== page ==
What about the cartridge (or CD-ROM)? Cartridges used to store console video games, like those used with the original Nintendo and Sega Genesis, and have circuit boards made of plastic and metal components. Many of us fondly remember blowing the dust off the contacts if the console couldn’t read the game. The combination of crevices and different materials makes cartridges hard to recycle. Luckily, there are companies like TerraCycle with special collections for games and toys, including cartridges and CD-ROMs.

    With the video game industry shifting new games toward digital downloads and online streaming, gamers are faced with fewer challenges to responsibly managing game cartridges at the end of their useful life.  Buying games online results in no packaging waste and no physical media or cartridge—which is a form of source reduction. And for those looking for a quick nostalgia fix, many older games have been made available on the Nintendo, Sony, and Xbox digital stores. The cloud for the (eco) win!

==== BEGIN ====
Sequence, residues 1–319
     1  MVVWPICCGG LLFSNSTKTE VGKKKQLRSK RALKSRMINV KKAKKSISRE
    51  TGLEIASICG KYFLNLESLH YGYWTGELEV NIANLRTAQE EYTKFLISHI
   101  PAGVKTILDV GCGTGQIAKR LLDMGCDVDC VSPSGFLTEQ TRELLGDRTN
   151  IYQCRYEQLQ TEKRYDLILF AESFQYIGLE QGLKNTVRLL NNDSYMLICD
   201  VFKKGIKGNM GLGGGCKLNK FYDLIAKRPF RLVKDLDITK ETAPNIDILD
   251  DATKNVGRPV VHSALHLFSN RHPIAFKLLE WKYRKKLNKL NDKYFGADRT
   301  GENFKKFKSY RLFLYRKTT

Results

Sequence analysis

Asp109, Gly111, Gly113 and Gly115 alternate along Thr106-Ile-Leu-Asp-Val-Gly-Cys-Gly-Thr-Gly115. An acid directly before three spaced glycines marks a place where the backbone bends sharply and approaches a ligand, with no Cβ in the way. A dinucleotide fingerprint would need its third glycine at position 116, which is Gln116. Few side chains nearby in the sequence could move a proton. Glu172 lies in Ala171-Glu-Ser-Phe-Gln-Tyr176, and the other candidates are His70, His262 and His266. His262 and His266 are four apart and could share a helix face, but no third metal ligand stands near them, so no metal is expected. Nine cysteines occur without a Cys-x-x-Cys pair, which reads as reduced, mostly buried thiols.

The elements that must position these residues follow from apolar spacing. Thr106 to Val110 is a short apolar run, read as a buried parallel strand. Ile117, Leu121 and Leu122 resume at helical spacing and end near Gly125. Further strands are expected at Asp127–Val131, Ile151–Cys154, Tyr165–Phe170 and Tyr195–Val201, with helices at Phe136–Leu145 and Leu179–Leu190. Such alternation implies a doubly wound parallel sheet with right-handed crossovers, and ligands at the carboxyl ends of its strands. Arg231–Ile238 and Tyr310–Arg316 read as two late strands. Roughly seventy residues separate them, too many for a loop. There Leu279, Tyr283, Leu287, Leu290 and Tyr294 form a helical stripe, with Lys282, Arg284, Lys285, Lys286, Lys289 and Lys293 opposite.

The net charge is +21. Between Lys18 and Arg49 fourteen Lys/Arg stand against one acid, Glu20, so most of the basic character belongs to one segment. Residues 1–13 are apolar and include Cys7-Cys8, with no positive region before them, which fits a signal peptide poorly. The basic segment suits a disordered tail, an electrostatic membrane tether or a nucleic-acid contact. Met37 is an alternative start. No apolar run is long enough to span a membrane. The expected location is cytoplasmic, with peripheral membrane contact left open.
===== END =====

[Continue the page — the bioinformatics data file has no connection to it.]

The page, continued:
Posted on In the Loop by Victoria Ngo on Sep 12, 2019

  • Landfills: An Un-bear-able End for Stuffed Animals

    Landfills: An UnBEARable End for Stuffed Animals

    Like any full-grown adult woman, I love stuffed animals! OK, maybe not like any full-grown adult, but over the years I amassed a collection that would put a toy store to shame. And because I’ve watched Toy Story a few too many times, I believe our toys come to life when we’re not looking—I couldn’t possibly just throw them away!

    Several years ago, I finally faced the music and realized I needed to pare down my stuffed animal collection. Luckily, I live near a children’s hospital. I put all my new and gently used stuffed animals in a bag and brought them to the hospital—I was kind of a female version of Santa, but I didn’t wear a red suit. The hospital staff was very grateful! And, just like I gave toys to the children’s hospital that day, I’m going to give you some tips on how to donate or responsibly get rid of your old toys, or your children’s old toys.

    Make It a Game